(A) surround the San Joaquin Valley town bustles with farm workers, many of them
(B) surrounds the San Joaquin Valley town bustles with farm workers, many of whom are
(C) surround the San Joaquin Valley town bustles with farm workers, many of who are
(D) surround the San Joaquin Valley town bustle with farm workers, many of which
(E) surrounds the San Joaquin Valley town bustles with farm workers, many are

Detail explanations are welcome.



My answer to the above is Option B : Can someone please confirm what should be the subject as per my understanding Patchwork must be the subject ... but looking at the OA it is confirmed that it actually Green fields that is being discussed.

Please help !!!


“that surround the San Joaquin Valley town” is ambiguous because the “that” could refer to “patchwork” or “green fields.”

In A the verb surround is plural, so “that” must refer to “green fields”. In this case, does “many of them” refer to “workers” or to “green fields?”

In B surrounds is singular, so “that” must refer to “patchwork”. “Many of whom” clearly refers to “workers”

I believe that B has more clarity than A. On the other hand, “that surrounds the San Joaquin Valley town” (choice B) refers to “patchwork” instead of “green fields”, changing the meaning of the original sentence.

So I would choose A because meaning is essential.
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Re: In good years, the patchwork of green fields that surround  [#permalink]

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New post 28 Nov 2017, 03:24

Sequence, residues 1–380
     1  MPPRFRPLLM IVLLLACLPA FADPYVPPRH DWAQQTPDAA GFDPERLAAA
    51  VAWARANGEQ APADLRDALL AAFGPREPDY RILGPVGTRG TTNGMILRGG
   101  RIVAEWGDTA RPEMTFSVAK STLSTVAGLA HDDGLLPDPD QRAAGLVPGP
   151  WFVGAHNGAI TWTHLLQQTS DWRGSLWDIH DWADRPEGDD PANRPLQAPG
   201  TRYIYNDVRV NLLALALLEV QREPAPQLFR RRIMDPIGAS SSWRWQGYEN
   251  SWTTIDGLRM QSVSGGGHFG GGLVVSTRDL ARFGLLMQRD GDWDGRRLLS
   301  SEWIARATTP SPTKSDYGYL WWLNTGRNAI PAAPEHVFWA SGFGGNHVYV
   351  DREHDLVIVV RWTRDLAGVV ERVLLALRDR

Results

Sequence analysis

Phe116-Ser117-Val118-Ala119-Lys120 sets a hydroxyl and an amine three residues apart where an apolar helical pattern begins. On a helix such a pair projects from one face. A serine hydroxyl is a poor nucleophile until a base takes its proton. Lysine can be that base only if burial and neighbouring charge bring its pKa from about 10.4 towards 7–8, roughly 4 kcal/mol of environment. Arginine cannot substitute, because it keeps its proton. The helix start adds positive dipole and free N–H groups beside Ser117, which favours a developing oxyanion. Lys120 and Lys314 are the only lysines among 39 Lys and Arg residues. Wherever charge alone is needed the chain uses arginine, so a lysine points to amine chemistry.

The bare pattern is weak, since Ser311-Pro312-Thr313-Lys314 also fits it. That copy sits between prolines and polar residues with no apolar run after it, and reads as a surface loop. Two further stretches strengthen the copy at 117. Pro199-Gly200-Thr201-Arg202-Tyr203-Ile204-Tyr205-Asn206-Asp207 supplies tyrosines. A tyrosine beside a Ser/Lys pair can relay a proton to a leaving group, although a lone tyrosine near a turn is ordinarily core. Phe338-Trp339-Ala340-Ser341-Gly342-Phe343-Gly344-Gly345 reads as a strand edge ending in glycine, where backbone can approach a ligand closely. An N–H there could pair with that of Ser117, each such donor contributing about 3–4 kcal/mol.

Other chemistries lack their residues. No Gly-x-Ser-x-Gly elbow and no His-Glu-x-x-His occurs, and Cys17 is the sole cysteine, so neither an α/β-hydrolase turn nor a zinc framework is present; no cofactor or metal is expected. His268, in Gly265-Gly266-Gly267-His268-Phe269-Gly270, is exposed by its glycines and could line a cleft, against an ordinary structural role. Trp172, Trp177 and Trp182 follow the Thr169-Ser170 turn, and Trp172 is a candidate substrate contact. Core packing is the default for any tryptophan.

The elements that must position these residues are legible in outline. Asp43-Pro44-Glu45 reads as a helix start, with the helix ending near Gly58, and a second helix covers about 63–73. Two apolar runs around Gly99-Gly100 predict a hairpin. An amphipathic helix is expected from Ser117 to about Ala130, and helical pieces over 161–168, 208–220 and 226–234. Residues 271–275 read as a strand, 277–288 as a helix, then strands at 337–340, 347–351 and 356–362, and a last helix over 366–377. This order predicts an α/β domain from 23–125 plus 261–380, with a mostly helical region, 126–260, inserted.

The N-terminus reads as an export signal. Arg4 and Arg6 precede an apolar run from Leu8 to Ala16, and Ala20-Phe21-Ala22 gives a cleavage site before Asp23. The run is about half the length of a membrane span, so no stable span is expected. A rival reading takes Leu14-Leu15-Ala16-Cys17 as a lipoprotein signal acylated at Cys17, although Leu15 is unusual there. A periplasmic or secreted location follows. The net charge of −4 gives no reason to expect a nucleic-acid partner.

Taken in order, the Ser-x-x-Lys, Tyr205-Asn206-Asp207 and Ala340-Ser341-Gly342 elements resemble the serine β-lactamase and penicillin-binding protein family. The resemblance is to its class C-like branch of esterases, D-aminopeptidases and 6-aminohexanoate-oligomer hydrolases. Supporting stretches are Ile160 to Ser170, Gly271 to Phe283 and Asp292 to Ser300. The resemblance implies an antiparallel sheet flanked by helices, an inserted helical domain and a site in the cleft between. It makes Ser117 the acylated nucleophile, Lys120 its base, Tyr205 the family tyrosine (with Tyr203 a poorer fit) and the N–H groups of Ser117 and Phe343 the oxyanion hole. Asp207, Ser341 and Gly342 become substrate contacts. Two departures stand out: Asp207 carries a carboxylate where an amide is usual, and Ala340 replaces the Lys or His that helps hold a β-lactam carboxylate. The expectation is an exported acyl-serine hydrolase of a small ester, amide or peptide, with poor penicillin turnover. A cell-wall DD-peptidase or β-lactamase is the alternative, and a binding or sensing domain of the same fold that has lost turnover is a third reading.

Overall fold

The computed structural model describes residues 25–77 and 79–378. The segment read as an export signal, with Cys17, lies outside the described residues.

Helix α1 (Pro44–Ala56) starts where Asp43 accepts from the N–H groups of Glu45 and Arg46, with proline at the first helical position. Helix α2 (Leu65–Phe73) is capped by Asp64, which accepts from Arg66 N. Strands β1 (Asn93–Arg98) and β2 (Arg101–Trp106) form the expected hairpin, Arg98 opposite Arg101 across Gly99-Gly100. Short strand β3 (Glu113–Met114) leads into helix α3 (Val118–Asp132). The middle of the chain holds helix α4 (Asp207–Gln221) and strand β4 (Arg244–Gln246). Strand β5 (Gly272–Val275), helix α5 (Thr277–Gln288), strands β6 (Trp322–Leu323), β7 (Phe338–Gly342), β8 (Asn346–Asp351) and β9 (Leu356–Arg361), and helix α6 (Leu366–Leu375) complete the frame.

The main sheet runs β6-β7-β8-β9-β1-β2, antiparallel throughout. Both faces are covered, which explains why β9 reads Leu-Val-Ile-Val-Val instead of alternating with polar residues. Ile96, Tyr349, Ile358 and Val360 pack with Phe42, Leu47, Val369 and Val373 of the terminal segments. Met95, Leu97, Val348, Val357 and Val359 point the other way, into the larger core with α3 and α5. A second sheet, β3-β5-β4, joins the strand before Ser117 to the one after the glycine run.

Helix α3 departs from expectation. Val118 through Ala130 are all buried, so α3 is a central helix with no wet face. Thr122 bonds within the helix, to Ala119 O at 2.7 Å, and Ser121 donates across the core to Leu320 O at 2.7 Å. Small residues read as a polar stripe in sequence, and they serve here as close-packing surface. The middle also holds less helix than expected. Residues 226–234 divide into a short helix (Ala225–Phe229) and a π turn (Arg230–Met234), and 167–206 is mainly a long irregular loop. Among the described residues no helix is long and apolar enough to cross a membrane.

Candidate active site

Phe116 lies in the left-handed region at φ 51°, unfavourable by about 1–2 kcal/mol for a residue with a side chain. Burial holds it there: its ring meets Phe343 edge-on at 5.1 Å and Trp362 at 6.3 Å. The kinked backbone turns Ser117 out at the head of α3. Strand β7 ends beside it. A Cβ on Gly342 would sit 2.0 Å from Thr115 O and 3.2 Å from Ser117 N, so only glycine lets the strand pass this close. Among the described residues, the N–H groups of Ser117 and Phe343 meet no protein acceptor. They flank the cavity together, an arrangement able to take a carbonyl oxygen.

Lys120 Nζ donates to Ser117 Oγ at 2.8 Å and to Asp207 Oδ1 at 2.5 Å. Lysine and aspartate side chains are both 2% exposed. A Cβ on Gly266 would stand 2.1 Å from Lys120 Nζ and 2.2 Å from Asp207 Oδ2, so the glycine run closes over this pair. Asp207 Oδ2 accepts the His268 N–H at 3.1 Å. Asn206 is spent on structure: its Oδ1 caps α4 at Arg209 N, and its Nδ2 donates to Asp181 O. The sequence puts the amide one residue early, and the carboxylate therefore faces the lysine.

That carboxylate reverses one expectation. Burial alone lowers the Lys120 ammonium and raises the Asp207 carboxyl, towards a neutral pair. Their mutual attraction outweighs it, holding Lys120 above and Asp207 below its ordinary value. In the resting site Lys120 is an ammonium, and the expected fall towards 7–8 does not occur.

I think except (a )and (d) all are separating two independent clauses with comma. D contains which so A wins
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Re: In good years, the patchwork of green fields that surround  [#permalink]

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New post 28 Nov 2017, 08:09
rajatkataria14@gmail.com wrote:
I think except (a )and (d) all are separating two independent clauses with comma. D contains which so A wins


Only option E has two independent clauses - in all others, the latter clause is dependent.

This is a question on subgroup modifier - the two correct structures of such modifiers are:

main clause (ending with a noun to be modified), many/some/all etc. of them + NO verb
main clause (ending with a noun to be modified), many/some/all etc. of whom (person) /which (thing) + verb

With the above structure in mind, we are left with options A and B only.

Now the task reduces to determine whether singular or plural verb is correct. (already discussed in the thread.)
Re: In good years, the patchwork of green fields that surround &nbs [#permalink] 28 Nov 2017, 08:09